It's truly amazing how many people and hours are involved in producing just one cup of coffee. Take the time to learn about this journey and you'll appreciate every sip even more.
Planting - The best Arabica seeds are selected for planting by hand in special nursery beds of a mixture of soil and compost to produce future coffee crops. After five to eight weeks, the plant is placed into planting bags where it grows for about six more weeks. Then, the young coffee plant is delicately transplanted under a canopy of tropical trees.
High quality coffee starts with the grower. Farmers in coffee producing countries work tirelessly to grow and harvest the finest beans. The end result is quality beans that will be roasted, ground and brewed for a delicious cup of coffee.
Growing - It may take three to four years for a coffee plant to reach maturity. The full shade canopy allows the coffee plants to slowly mature and the beans to develop with more natural sugar and complex flavors. From March to May workers diligently trim shade and coffee trees to ensure sufficient sunlight and space to grow. In June any remaining debris is cleared and fertilizer is applied.
The heavy rains from June to September provide needed moisture to the area and jasmine-like flowers begin to develop on the coffee trees. These delicate flowers develop into small green buds on the coffee plants. In October the coffee buds begin to ripen into red cherries.
Harvesting - The coffee harvest begins in November when the coffee buds start to ripen and continues through February. Families hand pick the fully ripened beans, quickly filling baskets. At the end of the day, the crop is combined into 100 pound (45.4kg) bags and carried to town for processing.
Processing - The red cherries must be treated and washed immediately. So, late into the night, workers wash beans and monitor the machine that de-pulp the coffee, or removes the beans from the red shell. The red pulp is saved and added to compost piles to bring nutrients to the coffee plants next year.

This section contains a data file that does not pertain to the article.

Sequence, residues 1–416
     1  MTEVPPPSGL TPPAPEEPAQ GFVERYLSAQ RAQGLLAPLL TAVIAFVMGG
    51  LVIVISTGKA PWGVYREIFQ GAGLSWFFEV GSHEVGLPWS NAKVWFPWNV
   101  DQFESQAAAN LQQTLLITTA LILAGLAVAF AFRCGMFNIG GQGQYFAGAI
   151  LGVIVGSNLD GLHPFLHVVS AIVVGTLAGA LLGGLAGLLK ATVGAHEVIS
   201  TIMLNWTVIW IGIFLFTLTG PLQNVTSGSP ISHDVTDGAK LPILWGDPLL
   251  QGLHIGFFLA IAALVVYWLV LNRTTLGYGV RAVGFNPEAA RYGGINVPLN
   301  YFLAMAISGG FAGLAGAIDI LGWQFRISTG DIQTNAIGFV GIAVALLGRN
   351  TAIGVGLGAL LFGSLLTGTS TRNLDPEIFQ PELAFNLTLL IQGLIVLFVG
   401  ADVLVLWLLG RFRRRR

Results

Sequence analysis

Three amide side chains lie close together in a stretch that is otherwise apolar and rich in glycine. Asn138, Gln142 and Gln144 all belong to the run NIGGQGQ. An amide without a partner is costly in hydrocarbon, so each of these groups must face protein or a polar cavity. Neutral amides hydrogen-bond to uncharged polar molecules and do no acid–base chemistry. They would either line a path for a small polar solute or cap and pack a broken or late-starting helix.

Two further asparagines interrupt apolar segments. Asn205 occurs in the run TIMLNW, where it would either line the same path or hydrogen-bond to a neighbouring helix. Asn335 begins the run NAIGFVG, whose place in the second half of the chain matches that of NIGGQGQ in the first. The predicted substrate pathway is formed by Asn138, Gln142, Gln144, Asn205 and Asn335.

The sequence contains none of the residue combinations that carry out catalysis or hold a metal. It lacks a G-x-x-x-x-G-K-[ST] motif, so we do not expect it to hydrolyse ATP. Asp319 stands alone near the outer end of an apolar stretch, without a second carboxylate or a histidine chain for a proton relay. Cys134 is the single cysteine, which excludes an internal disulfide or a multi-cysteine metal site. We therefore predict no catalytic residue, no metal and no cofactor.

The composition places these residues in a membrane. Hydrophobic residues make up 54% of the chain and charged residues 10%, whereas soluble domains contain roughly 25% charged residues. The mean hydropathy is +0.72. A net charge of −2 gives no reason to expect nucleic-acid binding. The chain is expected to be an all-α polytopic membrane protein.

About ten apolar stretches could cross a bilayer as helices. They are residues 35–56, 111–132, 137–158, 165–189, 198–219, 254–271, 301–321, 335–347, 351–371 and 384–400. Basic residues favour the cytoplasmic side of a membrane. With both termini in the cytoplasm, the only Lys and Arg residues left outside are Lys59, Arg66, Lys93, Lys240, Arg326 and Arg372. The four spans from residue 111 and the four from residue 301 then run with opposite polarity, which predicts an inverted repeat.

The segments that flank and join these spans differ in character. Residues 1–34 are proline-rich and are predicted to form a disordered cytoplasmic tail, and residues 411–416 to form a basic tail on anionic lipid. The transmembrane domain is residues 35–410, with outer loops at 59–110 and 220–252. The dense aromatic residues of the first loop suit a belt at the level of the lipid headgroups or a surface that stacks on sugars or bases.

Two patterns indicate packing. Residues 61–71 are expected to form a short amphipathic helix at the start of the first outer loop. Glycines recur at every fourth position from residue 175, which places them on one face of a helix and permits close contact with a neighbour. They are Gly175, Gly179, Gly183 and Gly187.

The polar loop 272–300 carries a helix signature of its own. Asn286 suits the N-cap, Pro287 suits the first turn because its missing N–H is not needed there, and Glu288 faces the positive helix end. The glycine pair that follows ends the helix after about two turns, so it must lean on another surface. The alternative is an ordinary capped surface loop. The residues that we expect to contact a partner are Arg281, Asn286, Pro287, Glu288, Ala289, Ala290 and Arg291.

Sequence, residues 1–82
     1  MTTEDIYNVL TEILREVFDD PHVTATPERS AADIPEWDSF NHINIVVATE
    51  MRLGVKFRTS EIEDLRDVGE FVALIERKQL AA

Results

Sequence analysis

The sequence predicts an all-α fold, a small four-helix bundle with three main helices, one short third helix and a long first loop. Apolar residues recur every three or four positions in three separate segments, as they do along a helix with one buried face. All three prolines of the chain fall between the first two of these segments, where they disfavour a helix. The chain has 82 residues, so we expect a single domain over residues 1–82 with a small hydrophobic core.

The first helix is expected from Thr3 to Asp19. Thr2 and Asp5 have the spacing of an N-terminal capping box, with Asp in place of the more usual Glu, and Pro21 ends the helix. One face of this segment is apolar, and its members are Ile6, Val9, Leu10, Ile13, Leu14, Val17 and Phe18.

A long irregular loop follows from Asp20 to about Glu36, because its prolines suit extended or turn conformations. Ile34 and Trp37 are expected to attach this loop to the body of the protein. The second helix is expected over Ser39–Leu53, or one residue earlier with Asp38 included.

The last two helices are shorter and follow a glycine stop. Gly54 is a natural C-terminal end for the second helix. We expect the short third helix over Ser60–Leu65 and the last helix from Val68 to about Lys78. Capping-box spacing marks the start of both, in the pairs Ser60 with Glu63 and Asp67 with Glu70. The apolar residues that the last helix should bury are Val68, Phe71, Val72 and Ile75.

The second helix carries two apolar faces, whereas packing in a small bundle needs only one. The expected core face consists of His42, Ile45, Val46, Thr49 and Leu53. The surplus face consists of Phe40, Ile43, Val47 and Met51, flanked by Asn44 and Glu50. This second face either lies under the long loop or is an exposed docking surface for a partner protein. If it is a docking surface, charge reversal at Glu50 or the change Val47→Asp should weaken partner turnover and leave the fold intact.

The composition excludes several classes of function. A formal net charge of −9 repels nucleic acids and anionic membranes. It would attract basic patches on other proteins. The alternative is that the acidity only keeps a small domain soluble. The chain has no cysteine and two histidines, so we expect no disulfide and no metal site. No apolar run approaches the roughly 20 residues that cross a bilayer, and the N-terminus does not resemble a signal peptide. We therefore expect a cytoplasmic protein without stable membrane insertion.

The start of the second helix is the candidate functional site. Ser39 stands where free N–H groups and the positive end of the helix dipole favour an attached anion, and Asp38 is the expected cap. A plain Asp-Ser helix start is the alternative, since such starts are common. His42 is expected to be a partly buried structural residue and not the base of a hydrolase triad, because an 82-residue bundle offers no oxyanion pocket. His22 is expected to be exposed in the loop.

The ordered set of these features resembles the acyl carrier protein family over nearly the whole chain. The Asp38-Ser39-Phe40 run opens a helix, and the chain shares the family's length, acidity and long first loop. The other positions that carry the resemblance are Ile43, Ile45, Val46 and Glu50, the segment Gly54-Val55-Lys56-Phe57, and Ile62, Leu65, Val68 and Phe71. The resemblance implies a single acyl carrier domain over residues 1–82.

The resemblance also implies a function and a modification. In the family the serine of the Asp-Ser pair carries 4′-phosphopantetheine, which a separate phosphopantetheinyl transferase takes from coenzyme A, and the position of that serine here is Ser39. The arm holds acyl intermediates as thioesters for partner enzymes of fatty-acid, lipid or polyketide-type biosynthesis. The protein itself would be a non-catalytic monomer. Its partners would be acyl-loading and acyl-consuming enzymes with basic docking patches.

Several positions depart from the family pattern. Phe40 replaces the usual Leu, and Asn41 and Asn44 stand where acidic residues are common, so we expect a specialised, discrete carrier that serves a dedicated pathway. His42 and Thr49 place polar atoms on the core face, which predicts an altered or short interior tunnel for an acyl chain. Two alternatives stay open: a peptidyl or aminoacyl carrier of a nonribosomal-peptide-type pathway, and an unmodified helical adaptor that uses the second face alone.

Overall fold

The coffee beans are soaked and washed over two to three days to remove their natural coating. Afterwards, the beans are transferred to the sun for drying. Over the next eight to ten days, the beans will be raked hourly so they dry evenly. The resulting phase is called en pergamino, indicating the beans have a dry, beige parchment shell. This is sometimes removed mechanically and kept as fertilizer.
Roasting - The roasting of green coffee beans brings the oil to the surface of the bean and unlocks the flavor. In some areas, they are roasted over an open fire in rotating black barrels. Roasting requires constant attention to make sure that the coffee does not burn and reaches the proper mahogany color. The resulting beans are cleaned and packaged for enjoyment around the world.
Grinding - Freshly and uniformly ground coffee is an important component of a great cup of coffee. A burr grinder is preferred by coffee experts to a blade grinder because it produces much more uniformity of grind size. Grinding coffee beans creates surfaces for hot water exposure, also known as extracting the flavor from coffee beans. If coffee is too finely ground for your method of brewing, it results in over-extraction and a harsh flavor. If beans are too coarsely ground, your coffee will be weak because of the lack of surface with which the water can interact.
Brewing - Without the proper brewing technique, you may not extract great flavor from your coffee. Or, even worse, you could turn great beans into bitter coffee. Factors to consider for optimal coffee brewing include time, temperature and turbulence. The time your coffee grounds are in contact with water helps to determine the extraction. For drip brewing, the optimal contact time is no longer than six minutes. Coffee grounds should come into contact with water at a temperature of 195-205 F (90.6 - 96.1 C) for best extraction. The last factor to consider is turbulence, or creating water movement around the coffee grounds so the water can permeate all grounds evenly.